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Health Tech Weekly Round Up: 17 August

We take a look at this week’s biggest developments, research and investment news from the world of Health Tech.  

6 tech giants join forces to tackle healthcare interoperability

Microsoft, Google, Amazon, IBM, Oracle and Salesforce earlier this week announced their joint commitment to removing barriers for the adoption of technologies for healthcare interoperability, with a particular focus on those that are enabled through the cloud and AI. Together their vision and mission is to deliver enhanced patient care, higher user satisfaction and lower costs across the entire health ecosystem. Interoperability is an overlapping of technical and policy changes, from data access to information exchange to workflow integration. The issue is a major challenge for the industry and poses a barrier to healthcare innovation. The new task force (among many influences) ultimately inspired the creation of Fast Healthcare Interoperability Resources (FHIR) – a more open, agile approach to the development of healthcare standards. 

Online pharmacy and delivery service Capsule secures $50M in Series B round 

The New York City based company Capsule, closed this week with $50M in their latest funding round. The company, known for their same-day delivery policy, is now looking to expand its New York based business to a national market. Capsule offers same-day delivery for medicine from the date it is prescribed, and it prides itself on offering excellent customer experience by focusing on building trust and loyalty. According to Capsule’s Founder and CEO, Eric Kinariwala, their “proprietary technology supports the first pharmacy system that works for all of the stakeholders in healthcare — enabling customized outcomes for doctors, hospitals, insurers, and manufacturers”. Capsule works by enabling patients to receive a text to schedule delivery when their doctor prescribes medication. The company’s promise is to deliver to anyone in New York within two hours of engagement. The platform also enables patterns to transfer their refills from their old pharmacies to Capsule and doctors can also e-prescribe to Capsule immediately.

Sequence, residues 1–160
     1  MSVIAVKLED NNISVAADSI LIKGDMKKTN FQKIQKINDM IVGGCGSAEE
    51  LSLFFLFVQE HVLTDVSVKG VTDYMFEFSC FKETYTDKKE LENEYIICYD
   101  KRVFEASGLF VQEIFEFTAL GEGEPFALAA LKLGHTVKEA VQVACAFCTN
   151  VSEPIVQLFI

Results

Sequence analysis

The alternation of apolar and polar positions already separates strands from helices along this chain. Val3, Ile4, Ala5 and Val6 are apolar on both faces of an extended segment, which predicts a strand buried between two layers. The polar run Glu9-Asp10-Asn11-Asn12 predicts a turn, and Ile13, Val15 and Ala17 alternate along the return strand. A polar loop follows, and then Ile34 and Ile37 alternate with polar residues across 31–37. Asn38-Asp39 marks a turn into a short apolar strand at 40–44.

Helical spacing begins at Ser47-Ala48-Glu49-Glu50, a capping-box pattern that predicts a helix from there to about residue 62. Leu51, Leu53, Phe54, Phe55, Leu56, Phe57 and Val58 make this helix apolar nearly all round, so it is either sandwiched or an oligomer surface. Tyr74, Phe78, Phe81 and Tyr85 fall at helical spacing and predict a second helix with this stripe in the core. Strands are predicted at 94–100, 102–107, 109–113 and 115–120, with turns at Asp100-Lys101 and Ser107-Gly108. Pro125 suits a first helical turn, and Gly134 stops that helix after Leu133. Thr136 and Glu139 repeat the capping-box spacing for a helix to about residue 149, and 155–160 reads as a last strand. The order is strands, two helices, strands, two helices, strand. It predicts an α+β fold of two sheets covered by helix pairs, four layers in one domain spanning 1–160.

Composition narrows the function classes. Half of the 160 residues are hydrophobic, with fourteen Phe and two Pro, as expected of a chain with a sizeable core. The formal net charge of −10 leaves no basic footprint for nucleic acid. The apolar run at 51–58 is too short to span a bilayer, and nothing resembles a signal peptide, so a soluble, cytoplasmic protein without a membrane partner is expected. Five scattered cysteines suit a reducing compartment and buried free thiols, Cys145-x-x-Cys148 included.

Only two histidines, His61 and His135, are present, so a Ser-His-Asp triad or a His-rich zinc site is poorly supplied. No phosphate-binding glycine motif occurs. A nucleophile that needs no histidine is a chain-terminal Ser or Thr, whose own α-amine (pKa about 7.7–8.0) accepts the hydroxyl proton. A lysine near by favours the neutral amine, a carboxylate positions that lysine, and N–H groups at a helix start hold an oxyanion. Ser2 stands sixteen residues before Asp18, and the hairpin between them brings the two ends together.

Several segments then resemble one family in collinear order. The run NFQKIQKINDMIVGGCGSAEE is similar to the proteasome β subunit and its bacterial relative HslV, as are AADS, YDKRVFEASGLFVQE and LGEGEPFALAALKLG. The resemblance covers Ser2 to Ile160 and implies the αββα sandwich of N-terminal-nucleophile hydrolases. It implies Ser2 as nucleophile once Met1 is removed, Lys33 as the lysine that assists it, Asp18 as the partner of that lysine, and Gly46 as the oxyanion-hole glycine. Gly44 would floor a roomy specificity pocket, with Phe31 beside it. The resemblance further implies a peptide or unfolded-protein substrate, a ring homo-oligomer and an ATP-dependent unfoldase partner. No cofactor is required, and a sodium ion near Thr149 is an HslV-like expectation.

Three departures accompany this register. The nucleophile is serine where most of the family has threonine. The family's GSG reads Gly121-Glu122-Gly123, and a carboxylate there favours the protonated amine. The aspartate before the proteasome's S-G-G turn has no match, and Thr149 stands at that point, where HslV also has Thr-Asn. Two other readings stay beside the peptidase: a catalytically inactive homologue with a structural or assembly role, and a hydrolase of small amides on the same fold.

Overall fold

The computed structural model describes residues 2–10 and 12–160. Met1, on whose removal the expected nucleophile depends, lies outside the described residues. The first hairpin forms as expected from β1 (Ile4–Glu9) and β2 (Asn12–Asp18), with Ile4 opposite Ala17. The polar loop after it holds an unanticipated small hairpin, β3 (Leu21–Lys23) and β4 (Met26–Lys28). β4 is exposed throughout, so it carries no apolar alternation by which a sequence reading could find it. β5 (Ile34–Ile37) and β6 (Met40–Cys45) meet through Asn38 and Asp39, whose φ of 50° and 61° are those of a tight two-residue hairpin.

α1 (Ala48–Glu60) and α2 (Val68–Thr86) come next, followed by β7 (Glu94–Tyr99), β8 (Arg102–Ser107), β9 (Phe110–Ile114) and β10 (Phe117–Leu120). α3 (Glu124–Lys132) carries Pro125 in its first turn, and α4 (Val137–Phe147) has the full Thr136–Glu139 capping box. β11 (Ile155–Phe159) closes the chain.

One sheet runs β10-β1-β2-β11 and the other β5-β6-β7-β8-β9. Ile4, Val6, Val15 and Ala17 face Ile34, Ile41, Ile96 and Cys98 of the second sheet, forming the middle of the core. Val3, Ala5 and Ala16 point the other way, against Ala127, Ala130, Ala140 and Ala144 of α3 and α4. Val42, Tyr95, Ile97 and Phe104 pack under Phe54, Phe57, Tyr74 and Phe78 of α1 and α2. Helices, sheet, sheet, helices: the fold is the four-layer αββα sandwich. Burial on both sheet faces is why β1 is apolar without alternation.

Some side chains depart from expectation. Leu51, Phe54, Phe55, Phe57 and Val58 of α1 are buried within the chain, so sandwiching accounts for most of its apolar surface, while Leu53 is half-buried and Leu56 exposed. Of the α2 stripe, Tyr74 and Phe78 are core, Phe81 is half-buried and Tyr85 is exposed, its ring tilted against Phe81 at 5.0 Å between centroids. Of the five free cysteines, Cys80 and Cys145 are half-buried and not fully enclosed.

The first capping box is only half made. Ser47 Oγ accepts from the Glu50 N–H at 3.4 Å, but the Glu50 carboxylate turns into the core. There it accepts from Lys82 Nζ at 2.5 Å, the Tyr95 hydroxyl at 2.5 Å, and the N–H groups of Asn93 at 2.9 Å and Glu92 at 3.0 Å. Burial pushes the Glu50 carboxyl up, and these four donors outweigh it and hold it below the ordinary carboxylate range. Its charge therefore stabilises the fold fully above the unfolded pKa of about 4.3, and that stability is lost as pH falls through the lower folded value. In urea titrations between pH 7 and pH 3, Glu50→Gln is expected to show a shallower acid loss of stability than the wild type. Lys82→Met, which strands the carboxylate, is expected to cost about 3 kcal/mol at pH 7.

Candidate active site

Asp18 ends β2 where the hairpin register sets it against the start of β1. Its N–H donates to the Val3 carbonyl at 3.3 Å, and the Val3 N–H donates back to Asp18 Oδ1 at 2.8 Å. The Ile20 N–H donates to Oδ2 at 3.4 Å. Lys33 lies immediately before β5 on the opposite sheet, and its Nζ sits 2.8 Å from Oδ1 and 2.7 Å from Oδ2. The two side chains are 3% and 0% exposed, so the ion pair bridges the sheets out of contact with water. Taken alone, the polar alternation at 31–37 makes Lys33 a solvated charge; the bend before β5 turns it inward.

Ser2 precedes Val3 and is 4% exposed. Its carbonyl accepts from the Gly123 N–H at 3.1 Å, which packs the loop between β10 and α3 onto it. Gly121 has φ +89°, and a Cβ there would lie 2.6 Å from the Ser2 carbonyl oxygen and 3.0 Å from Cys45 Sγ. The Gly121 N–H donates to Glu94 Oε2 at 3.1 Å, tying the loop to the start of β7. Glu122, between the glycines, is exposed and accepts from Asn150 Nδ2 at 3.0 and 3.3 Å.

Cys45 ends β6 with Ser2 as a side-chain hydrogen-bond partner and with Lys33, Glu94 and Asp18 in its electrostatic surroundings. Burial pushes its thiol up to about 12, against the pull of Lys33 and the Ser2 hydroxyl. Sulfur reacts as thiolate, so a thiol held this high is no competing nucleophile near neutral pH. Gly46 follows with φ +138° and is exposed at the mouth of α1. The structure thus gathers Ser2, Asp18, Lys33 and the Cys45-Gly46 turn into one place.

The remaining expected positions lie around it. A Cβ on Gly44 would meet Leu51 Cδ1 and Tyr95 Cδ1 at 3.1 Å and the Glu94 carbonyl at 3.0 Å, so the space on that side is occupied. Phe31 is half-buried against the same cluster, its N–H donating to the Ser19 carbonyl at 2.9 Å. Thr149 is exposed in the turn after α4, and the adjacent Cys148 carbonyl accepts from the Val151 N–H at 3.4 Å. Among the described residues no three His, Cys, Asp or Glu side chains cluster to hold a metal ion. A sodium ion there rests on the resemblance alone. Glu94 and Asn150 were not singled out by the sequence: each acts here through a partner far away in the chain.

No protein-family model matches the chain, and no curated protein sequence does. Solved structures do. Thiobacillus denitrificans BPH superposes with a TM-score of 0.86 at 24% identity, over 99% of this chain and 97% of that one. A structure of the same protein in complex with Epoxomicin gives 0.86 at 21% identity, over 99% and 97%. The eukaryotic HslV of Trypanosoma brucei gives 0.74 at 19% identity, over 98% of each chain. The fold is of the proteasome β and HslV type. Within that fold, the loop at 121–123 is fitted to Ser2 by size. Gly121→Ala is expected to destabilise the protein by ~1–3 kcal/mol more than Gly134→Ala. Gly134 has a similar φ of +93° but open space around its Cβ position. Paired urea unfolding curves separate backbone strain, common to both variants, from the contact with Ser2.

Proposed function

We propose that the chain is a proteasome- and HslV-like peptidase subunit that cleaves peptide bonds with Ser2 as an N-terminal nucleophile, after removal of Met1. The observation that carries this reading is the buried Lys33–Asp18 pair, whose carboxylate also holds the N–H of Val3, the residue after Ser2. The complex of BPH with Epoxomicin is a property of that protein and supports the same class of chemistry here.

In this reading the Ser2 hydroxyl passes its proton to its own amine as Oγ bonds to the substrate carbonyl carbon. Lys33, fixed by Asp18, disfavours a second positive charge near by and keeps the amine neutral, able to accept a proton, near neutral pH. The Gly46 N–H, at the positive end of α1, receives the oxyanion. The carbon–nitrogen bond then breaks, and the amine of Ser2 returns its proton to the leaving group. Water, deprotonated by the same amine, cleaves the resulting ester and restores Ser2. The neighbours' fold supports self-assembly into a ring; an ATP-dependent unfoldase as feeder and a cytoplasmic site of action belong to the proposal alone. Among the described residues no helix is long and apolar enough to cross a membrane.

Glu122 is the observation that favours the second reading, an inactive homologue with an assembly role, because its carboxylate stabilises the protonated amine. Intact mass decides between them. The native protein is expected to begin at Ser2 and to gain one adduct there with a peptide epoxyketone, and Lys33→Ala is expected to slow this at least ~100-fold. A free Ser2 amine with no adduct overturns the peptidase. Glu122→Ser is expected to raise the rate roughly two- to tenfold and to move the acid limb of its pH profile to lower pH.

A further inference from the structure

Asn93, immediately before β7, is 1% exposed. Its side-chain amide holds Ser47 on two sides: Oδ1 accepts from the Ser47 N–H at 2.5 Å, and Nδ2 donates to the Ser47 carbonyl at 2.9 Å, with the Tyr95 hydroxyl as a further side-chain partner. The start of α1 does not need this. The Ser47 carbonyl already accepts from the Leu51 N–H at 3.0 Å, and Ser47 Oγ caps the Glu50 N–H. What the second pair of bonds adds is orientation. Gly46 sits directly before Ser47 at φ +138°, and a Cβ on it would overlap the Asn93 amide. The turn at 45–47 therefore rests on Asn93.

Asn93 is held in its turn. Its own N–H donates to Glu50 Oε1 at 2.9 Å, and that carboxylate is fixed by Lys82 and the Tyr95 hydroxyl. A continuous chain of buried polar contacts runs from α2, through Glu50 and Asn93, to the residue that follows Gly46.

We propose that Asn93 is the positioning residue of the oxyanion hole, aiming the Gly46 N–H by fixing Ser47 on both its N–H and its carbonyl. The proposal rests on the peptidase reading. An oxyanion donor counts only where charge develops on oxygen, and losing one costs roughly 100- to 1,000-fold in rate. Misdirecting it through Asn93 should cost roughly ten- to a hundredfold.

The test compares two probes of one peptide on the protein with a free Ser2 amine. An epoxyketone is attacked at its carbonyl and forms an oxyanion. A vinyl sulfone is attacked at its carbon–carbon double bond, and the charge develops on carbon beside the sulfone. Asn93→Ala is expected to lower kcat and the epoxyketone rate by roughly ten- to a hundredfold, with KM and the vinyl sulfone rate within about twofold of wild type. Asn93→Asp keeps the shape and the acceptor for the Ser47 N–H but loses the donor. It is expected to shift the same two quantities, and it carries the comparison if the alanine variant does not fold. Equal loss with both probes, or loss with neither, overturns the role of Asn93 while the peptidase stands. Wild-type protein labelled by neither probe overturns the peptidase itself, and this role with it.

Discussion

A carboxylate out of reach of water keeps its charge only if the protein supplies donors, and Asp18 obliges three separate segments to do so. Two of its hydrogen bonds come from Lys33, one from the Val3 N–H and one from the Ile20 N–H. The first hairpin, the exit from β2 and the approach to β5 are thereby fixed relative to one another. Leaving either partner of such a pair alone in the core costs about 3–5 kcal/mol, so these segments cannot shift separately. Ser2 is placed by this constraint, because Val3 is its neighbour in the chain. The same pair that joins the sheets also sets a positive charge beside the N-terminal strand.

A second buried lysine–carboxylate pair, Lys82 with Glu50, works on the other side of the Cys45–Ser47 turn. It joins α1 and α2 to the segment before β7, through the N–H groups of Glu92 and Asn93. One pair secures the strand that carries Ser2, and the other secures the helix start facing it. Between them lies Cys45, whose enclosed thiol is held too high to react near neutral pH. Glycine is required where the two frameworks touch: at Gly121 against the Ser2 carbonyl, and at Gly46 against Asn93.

AI tool ‘as good as experts’ at detecting eye disease 

This week, Google’s Deepmind AI made the news for correctly diagnosing more than 50 different eye diseases for further treatment, with 94.5% accuracy, in a trial with Moorfields Eye Hospital. The new machine-learning system is reportedly as good as the best human experts at detecting patients with eye problems and referring them for treatment. The way it works is, The system works when five separate machine-learning systems develop individual maps, which are then analyzed by a second series of five machine learning systems. These systems are trained on maps created from 14,884 OCT (optical coherence tomography) scans from 7,621 patients, which interpret the maps and each give a referral decision. These referral outcomes are then combined into one result, with a confidence rating expressed as a percentage. The maps and any differing or ambiguous results can be highlighted visually to a clinician for their own interpretation and explanation of the referral result. 

Best Buy acquires tech company GreatCall for $800M 

Amazon isn’t the only retailing brand making their mark in the healthcare industry! GreatCall the old guard digital health company, which began its inception by producing smartphones for the aging generation in 2006, has this week been acquired by retail chain Best Buy for $800M. GreatCall not only produces smartphones, but also offers a suite of connected safety products and services for the aging population. They also focus on personal emergency response services for senior citizens and have over 900,000 paying subscribers. According to a press release, the acquisition is part of a larger strategy by Best Buy to invest in technology for the ever-widening over-65 market through 2020. 

Interesting reads for the weekend: